Can someone please explain to me what tone pots are, and how they affect the sound of a guitar? Thanks very much :)
A potentiometer is basically a variable resistor. When it's turned all the way one way, it has no resistance, and when it's turned all the way in the other direction, it has its maximum resistance.
A pot has three soldering points: its input, its output, and ground. So when the output of your pickups is wired to the input of the pot, the pot splits the signal in two directions, one of which leads to the output jack of your guitar and the other of which leads to ground. The signal from the pickups wants to go to ground, but if the pot is turned to its maximum resistance, it acts as a block to the signal, which then has to go to the output of the guitar instead. As you turn the pot, its resistance weakens, so more and more of the signal escapes to ground instead of going out the guitar's output, and so you perceive this as lower volume. So the pot acts as the volume knob.
Same thing with the tone knob. If you combine a pot and a capacitor with the capacitor going to ground, you get a low-pass filter, meaning a circuit that allows low frequencies to pass through but blocks high frequencies. The combination of the values of the capacitor and the resistor determines the frequencies which the filter sees as "high" and those it sees as "low". As you turn the pot, the filter sees more and more frequencies as high, and so it allows fewer of them to pass through. Hence, the guitar's output signal contains fewer and fewer high frequencies, and boom: tone knob. Here's a simple circuit diagram, and it's exactly what's in my guitar---except for not showing the volume and pickup switch, it's not oversimplified at all:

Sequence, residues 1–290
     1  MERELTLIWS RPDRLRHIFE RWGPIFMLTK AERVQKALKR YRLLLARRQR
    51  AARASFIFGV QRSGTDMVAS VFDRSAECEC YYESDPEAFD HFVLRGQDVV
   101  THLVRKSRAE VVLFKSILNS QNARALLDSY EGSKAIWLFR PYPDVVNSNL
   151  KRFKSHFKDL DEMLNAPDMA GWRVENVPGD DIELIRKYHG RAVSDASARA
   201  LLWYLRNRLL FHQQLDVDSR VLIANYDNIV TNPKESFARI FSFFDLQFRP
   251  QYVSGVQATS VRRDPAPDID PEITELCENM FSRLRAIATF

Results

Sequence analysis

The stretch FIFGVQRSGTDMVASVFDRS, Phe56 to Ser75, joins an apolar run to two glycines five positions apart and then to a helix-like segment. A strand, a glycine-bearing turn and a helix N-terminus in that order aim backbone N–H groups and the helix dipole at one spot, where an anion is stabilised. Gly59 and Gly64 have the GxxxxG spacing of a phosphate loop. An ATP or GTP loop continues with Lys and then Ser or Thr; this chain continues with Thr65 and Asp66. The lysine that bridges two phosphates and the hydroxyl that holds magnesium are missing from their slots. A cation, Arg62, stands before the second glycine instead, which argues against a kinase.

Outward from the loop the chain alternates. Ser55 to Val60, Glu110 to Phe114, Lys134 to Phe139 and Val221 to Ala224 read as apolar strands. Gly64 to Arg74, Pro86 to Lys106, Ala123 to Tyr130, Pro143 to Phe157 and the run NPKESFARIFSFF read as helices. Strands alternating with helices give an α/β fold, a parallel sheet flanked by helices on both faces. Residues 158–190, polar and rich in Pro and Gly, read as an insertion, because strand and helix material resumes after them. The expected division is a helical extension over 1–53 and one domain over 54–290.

The (very) basic jist of a capacitor is that it can "store" current, but it takes some time to charge up and down. When it's charged down, a capacitor acts more-or-less like a wire, and current passes through it with no problem. Once it's charged up, though, it won't let any current through (it's at "capacity", if you will); in that state, it's like a broken wire. High frequencies alternate so rapidly that they don't give the capacitor a chance to charge up, so they pass right through it; low frequencies, however, charge up the capacitor before they get through it, and so they're blocked.
So as you can see from the diagram, if the pot's resistance is low enough to allow the signal to head towards ground, the high frequencies will pass through the capacitor and escape, while the low frequencies still can't get by the cap and have to go to the guitar's output. And so you hear the low frequencies but don't hear the high ones. Of course, if the pot's resistance is all the way up, then none of the signal goes towards ground and all of it goes to the output.
You can easily tweak your tone controls by replacing the capacitors with different ones with different values. It's a simple soldering job, capacitors are dirt cheap (like $0.10 cheap) and it's much easier than replacing the pots.
The tone pots are literally the knobs on the front of your guitar that you adjust the tone and volume of your pick ups with.
Edit: Cant explain in any great technical detail; aside from to say that they allow you to control the low power analogue signal of your pickups.
In the case of the Tone pots these allow you to control output from specific pick-ups with the volume pot controlling overall volume.
The toggle switch allows you to choose individual/combinations of pickups; with the tone pots acting upon those selected.
Depending on the type/configuration of the guitar you have, you may have a tone pot for each pickup (this gives you most tone control); or you may have one tone pot which controls the overall tone of whatever configuration is selected via he toggle switch.